Wanted by no one.
Hunted by everyone.
Sixteen-year-old Nathan lives in a cage: beaten, shackled, trained to kill. In a modern-day England where two warring factions of witches live amongst humans, Nathan is an abomination, the illegitimate son of the world’s most terrifying and violent witch, Marcus. Nathan’s only hope for survival is to escape his captors, track down Marcus, and receive the three gifts that will bring him into his own magical powers—before it’s too late. But how can Nathan find his father when there is no one safe to trust, not even family, not even the girl he loves?
How was it?
This book is grim. I did not expect this, I first experienced Nathan’s story through the Netflix adaptation of the book: The Bastard Son & The Devil Himself. So I was a little surprised when I saw how much darker, grittier, and heart-wrenching the story can be. The beginning of the novel kind of threw me, I was a bit lost, but I quickly found my footing as my emotions were riled up for this boy who was so young and had so few people who could do anything for him.
Son of a “Good” white witch and the most wanted “Evil” black witch, Nathan’s story is one about nature versus nurture, in a world and a community where everything is black and white, and everyone expects the worst from him. I mentioned that my emotions were riled up throughout this book and the main reason for that is the realism that is infused in this story. It is a story about witches alright but they are some universal themes that are so well written that they are easy to relate to.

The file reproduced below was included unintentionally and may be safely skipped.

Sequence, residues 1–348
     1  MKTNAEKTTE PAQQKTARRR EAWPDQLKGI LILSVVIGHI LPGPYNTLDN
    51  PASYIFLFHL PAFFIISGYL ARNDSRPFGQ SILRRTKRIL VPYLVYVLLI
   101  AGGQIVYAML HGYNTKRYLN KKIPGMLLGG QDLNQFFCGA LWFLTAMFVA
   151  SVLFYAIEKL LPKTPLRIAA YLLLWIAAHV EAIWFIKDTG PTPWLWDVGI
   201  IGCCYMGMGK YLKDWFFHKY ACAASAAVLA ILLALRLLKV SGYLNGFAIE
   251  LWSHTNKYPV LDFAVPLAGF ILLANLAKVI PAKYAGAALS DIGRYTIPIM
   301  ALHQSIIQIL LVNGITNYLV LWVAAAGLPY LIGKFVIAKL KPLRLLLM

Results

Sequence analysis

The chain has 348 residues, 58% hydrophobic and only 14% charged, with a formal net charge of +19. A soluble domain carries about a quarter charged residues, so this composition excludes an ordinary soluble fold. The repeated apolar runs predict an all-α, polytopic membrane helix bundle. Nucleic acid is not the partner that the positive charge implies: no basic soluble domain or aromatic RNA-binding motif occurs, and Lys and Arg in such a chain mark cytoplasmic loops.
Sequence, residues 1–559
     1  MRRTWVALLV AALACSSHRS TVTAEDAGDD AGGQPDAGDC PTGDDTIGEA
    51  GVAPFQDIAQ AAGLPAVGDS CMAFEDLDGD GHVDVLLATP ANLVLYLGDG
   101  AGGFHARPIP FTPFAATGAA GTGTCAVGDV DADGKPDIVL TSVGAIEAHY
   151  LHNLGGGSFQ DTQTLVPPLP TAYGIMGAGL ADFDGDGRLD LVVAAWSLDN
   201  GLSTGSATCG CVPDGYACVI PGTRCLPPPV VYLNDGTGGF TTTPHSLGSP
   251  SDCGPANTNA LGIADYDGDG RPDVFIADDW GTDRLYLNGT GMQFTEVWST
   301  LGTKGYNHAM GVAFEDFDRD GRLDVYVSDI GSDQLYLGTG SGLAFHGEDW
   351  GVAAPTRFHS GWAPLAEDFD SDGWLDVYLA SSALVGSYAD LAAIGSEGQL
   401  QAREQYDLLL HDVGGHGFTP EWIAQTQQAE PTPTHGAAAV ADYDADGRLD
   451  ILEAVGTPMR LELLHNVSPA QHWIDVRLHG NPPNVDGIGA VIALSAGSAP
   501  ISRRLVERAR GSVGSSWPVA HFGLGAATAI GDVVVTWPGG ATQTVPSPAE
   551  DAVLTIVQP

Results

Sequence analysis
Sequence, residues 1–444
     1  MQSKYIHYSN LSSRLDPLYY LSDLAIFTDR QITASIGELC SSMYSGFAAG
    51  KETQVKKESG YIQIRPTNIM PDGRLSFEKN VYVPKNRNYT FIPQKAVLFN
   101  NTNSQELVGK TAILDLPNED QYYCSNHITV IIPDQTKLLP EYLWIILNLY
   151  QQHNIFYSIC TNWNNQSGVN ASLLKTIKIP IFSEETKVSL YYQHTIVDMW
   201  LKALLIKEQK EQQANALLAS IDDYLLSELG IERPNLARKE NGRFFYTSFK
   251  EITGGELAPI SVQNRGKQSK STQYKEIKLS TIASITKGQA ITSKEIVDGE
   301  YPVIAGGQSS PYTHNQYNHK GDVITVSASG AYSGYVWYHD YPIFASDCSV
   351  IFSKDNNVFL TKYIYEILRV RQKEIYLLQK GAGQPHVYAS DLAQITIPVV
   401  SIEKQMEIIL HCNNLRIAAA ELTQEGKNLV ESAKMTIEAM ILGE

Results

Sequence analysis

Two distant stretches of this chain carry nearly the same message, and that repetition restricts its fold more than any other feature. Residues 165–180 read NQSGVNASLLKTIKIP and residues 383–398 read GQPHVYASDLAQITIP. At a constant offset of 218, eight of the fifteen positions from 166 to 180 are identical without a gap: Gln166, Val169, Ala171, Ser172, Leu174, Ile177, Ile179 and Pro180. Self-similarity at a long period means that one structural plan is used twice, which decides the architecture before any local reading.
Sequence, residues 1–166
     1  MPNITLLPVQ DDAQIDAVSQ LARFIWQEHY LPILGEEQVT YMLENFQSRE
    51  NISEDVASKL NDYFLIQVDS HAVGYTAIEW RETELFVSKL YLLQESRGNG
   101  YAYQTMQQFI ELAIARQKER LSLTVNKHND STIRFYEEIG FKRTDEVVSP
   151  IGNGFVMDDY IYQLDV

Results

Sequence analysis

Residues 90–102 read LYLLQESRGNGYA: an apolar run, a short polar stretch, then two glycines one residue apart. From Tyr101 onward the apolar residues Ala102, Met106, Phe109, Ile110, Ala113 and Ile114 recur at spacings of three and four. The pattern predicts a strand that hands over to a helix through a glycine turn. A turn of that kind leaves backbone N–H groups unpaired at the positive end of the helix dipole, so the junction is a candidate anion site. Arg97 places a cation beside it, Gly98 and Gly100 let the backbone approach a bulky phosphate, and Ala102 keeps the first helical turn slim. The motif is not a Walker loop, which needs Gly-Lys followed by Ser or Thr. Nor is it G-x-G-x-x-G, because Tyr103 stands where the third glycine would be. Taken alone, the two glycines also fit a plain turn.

The world-building is also strong because it’s very easy to make parallels with how our own world works and the way some people in it behave. In particular when you’ve been the target of some hate because of a label, an expectation, or a prejudice that was put on you. And since this world seems so grounded and familiar, and the behaviors are so recognizable, the many characters in this novel are not difficult to keep track of and quickly become more complex than you’d expect for a YA novel.
However, if you come to this book with the idea of a lighthearted, dark-ish story about magic and a misunderstood boy, you’ll probably be disappointed. This story is vicious and gruesome and it has more depth than it appears to have. I enjoyed this book so much that I got through all three back-to-back and it even made me rewatch the Netflix series that I still love but it might have been a better HBO show.
Also, Carl Prekopp does a marvelous job narrating this book, and I’d even go as far as saying that it might be the better experience of the story.
Half Bad is available on The Book Depository and other book retailers near you.
One thought on “Half Bad (Half Bad Trilogy #1) by Sally Green | Book Review”
Great review, you really make me want to read this book. I have often been afraid to read because of my inexperience but this morning I just want to get it and dive in! Thank you for this interesting suggestion!
LikeLiked by 1 person